Thursday, March 29, 2012
Movie Review: Born On The Fourth Of July (1989)
The story of Vietnam war veteran turned peace activist Ron Kovic, Born On The Fourth Of July asks all the right questions about a sordid conflict and the reasons for war. Director Oliver Stone carves a compelling human drama that encapsulates the struggle of a nation to understand its role in the world.
By 1967 Kovic is on his second tour of duty in Vietnam, where he witnesses US troops slaughtering innocent villagers, and in a chaotic gunfight, he inadvertently kills a fellow marine. Caught in a fire fight on open ground, Kovic is shot through the spine and heroically saved by a fellow soldier under fire. He endures a harrowing recuperation at a filthy veteran's hospital before returning home, permanently paralysed from the waist down.
Tom Cruise gives one of his most accomplished performances as Ron Kovic, carrying the film single-handedly and deservedly earning an Academy Award nomination. From the bright-eyed, short-haired teenager eager to be among the first wave of marines landing on the shores of Vietnam to the jaded, damaged, depressed, angry, long-haired, guilt-stricken and wheelchair-bound anti-war protester, Cruise captures what it means to survive the war but lose part of the body and all of the innocence.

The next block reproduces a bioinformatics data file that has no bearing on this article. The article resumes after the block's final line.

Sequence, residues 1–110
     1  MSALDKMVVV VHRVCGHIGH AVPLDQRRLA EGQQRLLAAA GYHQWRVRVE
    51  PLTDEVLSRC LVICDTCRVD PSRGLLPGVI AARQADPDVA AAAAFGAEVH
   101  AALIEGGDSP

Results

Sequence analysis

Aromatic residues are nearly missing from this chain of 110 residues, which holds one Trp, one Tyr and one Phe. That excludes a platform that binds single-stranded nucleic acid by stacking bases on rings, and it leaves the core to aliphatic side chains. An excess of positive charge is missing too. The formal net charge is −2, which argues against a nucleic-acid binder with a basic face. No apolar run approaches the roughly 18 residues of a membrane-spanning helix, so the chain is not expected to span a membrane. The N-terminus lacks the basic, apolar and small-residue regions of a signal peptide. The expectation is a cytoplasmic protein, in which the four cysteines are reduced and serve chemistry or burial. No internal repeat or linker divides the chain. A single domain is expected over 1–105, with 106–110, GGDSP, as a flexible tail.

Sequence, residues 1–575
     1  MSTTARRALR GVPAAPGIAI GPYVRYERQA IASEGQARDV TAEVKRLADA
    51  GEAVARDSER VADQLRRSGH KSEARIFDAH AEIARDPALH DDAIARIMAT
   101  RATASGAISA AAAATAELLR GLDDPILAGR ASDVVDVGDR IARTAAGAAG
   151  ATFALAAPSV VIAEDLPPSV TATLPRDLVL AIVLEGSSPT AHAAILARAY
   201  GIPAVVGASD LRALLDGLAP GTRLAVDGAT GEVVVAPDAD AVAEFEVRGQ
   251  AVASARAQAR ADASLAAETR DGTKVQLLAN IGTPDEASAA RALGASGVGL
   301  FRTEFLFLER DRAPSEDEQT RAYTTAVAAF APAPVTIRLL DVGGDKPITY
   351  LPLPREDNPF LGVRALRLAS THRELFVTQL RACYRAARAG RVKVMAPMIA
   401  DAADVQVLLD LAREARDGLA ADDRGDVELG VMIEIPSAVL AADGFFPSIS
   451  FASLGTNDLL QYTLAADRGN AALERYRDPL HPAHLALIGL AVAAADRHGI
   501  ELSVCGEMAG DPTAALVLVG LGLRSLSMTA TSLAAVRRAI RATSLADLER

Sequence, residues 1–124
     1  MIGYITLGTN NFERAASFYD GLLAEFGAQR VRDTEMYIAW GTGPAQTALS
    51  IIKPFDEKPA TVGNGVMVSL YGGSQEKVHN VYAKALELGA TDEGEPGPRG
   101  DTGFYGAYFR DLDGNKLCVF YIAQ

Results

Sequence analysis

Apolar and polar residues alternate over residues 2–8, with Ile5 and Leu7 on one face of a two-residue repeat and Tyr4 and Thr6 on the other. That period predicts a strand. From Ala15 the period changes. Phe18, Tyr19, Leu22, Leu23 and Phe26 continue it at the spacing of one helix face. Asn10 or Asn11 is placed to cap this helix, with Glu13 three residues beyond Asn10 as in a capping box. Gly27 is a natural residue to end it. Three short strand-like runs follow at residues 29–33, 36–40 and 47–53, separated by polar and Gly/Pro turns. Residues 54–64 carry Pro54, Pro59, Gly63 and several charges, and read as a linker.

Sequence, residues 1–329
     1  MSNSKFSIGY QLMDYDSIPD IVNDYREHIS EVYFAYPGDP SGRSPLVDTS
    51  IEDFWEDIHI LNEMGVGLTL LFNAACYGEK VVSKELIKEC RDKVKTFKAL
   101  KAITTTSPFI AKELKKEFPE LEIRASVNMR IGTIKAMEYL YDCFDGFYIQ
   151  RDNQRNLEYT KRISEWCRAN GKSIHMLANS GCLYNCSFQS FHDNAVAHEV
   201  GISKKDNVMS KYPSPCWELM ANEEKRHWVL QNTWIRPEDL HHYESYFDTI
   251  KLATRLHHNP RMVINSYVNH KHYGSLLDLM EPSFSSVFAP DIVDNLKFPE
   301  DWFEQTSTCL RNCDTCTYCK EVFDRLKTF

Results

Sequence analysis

While Kovic's journey is certainly epic, Born On The Fourth Of July as a movie suffers from the lack of any other major counterweight characters. Berenger and Dafoe add little other than curiosity by reuniting with their Platoon director. Sedgwick is game but has the slightest of roles, while the likes of Frank Whaley as Kovic's friend and Raymond J. Barry as Mr. Kovic drift in and out of the story leaving only local impressions.
As much as Born On The Fourth Of July is the story of one man, it is also a reflection of a country undergoing a remarkable transformation in one decade. From a position of invincibility to a humiliating defeat, and from blind patriotism to more thoughtful questioning of foreign policy, Ron Kovic holds up a mirror to the United States, and the view is one of both horror and hope.
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